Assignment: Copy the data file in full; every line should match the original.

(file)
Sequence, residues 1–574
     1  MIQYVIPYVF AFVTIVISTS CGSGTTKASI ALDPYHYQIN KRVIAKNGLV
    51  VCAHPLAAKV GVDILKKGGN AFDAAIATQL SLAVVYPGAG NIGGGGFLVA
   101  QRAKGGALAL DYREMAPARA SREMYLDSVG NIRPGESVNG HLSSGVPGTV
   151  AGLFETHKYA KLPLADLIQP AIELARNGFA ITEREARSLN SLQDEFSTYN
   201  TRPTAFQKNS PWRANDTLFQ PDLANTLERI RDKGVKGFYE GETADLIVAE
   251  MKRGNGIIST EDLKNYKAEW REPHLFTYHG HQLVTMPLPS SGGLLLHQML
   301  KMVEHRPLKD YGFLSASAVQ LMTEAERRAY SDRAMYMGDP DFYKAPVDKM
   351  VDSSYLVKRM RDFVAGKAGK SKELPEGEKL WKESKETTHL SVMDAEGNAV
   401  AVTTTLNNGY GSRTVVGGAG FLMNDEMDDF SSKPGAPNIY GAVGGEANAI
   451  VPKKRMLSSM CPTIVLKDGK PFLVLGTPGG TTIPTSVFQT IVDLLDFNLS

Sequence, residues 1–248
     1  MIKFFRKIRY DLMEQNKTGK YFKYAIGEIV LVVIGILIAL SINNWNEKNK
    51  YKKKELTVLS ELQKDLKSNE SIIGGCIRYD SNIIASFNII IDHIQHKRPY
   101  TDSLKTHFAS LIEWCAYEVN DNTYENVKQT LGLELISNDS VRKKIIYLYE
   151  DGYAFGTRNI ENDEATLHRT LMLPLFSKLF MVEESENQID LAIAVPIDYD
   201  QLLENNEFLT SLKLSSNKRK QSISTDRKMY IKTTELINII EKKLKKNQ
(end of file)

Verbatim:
Sequence, residues 1–574
     1  MIQYVIPYVF AFVTIVISTS CGSGTTKASI ALDPYHYQIN KRVIAKNGLV
    51  VCAHPLAAKV GVDILKKGGN AFDAAIATQL SLAVVYPGAG NIGGGGFLVA
   101  QRAKGGALAL DYREMAPARA SREMYLDSVG NIRPGESVNG HLSSGVPGTV
   151  AGLFETHKYA KLPLADLIQP AIELARNGFA ITEREARSLN SLQDEFSTYN
   201  TRPTAFQKNS PWRANDTLFQ PDLANTLERI RDKGVKGFYE GETADLIVAE
   251  MKRGNGIIST EDLKNYKAEW REPHLFTYHG HQLVTMPLPS SGGLLLHQML
   301  KMVEHRPLKD YGFLSASAVQ LMTEAERRAY SDRAMYMGDP DFYKAPVDKM
   351  VDSSYLVKRM RDFVAGKAGK SKELPEGEKL WKESKETTHL SVMDAEGNAV
   401  AVTTTLNNGY GSRTVVGGAG FLMNDEMDDF SSKPGAPNIY GAVGGEANAI
   451  VPKKRMLSSM CPTIVLKDGK PFLVLGTPGG TTIPTSVFQT IVDLLDFNLS

Sequence, residues 1–248
     1  MIKFFRKIRY DLMEQNKTGK YFKYAIGEIV LVVIGILIAL SINNWNEKNK
    51  YKKKELTVLS ELQKDLKSNE SIIGGCIRYD SNIIASFNII IDHIQHKRPY
   101  TDSLKTHFAS LIEWCAYEVN DNTYENVKQT LGLELISNDS VRKKIIYLYE
   151  DGYAFGTRNI ENDEATLHRT LMLPLFSKLF MVEESENQID LAIAVPIDYD
   201  QLLENNEFLT SLKLSSNKRK QSISTDRKMY IKTTELINII EKKLKKNQ